[REC] 3: GENESIS
To say that ‘found footage’ movies are all the rage right now is an understatement. In fact, I sound a little like a broken Furby repeating what so many others have said since PARANORMAL ACTIVITY opened the flood gates in 2009: they’re commercial and cheap to make. Unfortunately, very few manage to be effective. [REC] and [REC] 2 are among that small handful of gems. They sizzle with suspense and there is a genuine, almost overwhelming sense of dread that permeates the films from beginning to end. The key location of both – the apartment complex – and the horrors it contains feel real. Found footage as a genre has been deemed by many to be a flavour-of-the-month gimmick, but what the first two entries do in what is now the [REC] franchise is remove that doubt and showcase bona-fide film-makers stretching their muscles and making audiences shriek.
[REC] 3: GENESIS on the other hand seems to find that lost doubt and bring it back, all while recklessly – although very deliberately so – abandoning the exact elements that made its predecessors stand out on an international level. It would be a push to even categorise [REC] 3 as a found footage film. Beyond the first act, the shaky handheld angle is dropped. And then it becomes a comedy of the splatstick variety. Twenty minutes in, [REC] ceases to be [REC].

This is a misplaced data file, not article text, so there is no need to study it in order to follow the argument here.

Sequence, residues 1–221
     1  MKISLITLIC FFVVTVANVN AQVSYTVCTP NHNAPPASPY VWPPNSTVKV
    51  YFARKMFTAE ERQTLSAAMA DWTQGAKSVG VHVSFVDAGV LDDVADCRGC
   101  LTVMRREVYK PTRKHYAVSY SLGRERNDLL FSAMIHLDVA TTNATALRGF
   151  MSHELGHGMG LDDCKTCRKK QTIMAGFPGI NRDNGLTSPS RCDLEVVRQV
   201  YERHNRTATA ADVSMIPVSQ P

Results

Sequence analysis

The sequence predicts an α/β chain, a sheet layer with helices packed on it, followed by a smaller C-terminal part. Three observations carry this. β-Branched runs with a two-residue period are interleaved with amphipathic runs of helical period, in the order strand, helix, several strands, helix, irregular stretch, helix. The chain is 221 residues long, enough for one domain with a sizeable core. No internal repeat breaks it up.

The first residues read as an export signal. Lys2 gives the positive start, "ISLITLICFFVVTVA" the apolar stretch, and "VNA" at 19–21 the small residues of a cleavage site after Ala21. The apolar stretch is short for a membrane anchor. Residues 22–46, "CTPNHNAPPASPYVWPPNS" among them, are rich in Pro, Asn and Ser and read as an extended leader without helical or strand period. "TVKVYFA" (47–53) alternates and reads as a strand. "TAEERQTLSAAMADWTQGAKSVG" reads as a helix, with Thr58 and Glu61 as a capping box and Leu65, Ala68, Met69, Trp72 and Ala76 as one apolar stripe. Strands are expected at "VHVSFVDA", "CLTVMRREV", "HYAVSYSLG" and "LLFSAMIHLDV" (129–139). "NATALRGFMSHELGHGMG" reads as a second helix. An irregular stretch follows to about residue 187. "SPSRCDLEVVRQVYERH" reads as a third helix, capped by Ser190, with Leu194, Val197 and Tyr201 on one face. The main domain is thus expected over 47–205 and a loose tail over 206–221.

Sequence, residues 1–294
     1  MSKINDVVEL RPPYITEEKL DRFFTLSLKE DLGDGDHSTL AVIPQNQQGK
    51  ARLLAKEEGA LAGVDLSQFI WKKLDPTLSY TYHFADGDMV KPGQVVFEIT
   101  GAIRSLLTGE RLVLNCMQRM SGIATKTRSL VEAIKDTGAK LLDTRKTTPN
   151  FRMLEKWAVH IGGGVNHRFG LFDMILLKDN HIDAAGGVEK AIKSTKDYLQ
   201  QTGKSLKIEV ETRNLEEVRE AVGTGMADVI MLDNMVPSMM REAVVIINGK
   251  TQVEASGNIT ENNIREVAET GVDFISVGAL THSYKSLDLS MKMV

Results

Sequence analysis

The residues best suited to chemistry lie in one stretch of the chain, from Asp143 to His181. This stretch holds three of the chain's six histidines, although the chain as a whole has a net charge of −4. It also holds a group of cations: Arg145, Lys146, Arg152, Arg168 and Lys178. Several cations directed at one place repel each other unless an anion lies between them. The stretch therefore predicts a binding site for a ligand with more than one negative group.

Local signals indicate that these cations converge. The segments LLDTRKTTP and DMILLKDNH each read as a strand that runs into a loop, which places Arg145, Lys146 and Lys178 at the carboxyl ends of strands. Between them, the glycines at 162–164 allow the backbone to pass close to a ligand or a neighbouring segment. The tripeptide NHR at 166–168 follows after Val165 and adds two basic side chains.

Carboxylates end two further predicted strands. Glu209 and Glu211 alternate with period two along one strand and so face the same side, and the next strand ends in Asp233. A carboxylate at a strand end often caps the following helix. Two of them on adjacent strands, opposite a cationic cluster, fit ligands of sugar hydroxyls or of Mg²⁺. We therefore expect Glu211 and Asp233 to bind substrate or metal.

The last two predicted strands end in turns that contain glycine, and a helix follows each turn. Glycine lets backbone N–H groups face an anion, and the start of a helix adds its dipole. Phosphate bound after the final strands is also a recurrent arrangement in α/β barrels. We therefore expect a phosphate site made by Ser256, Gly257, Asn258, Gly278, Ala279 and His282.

The events of Paco Plaza’s film take place either a few hours before the original or run concurrently to it, it is never quite clear. The wedding of a young couple turns from the happiest to the bloodiest day of their lives when the uncle of the groom becomes infected with the mysterious virus and the reception goes to gooey, gory hell as the nameless plague spreads like wildfire, offing suited and booted guests – and seemingly bringing them back to life in zombie-like resurrection – left, right and centre.
The all-too-generous comparisons to Peter Jackson’s BRAINDEAD are as bemusing as the decision to change tone so dramatically. Such bemusement as to the tone of the piece needn’t have mattered beyond the initial comprehension of such a change if it had succeeded in finding the balance between gags and guts, which it fails to do.
The characters become lost in the bloodshed and futile attempts at humour. It’s a film devoid of the shocks and scares that we have come to know from the series and it’s a crying shame.
Word is that Jaume Balaguero’s [REC] 4: APOCALYPSE, the apparent concluding chapter of the series, will return to its straight-up horror roots, and that is good news to say the least. This third part is a sadly misjudged effort that has left me longing for another [REC] as we know it.